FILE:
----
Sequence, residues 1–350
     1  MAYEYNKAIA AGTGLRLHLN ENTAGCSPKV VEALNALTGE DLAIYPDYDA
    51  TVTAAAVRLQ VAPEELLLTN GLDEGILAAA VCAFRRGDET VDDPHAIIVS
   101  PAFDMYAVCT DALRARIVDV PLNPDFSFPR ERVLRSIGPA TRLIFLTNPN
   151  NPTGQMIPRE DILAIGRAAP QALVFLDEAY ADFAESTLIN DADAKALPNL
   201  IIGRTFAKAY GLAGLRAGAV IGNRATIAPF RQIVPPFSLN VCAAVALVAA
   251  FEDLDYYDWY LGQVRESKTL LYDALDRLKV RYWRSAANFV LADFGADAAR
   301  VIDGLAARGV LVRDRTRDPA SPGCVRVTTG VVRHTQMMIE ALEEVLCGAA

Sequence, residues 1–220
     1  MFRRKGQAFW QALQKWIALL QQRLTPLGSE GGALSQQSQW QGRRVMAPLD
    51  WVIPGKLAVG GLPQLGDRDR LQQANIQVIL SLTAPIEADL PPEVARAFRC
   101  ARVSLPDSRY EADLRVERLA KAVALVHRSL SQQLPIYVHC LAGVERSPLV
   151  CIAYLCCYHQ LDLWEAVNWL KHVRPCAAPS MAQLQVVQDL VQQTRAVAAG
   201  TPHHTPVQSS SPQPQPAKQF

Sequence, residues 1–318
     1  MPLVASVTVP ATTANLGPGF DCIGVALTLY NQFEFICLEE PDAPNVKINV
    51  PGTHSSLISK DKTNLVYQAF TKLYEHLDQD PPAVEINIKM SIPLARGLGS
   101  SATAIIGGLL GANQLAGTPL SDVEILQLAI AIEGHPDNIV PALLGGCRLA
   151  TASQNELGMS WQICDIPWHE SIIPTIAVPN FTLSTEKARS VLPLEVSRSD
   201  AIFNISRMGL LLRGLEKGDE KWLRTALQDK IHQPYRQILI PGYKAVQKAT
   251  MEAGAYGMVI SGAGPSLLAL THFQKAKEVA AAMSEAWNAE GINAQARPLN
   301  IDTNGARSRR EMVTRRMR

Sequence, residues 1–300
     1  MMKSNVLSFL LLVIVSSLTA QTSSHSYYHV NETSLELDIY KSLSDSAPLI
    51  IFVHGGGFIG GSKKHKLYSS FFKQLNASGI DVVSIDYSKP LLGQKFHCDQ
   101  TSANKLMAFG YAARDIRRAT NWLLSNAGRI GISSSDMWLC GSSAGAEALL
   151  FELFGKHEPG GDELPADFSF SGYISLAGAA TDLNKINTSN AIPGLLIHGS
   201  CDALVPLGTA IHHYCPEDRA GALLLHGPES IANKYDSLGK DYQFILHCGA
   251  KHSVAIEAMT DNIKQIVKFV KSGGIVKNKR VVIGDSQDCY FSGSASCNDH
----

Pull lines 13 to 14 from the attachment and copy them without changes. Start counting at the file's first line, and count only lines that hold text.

   151  CIAYLCCYHQ LDLWEAVNWL KHVRPCAAPS MAQLQVVQDL VQQTRAVAAG
   201  TPHHTPVQSS SPQPQPAKQF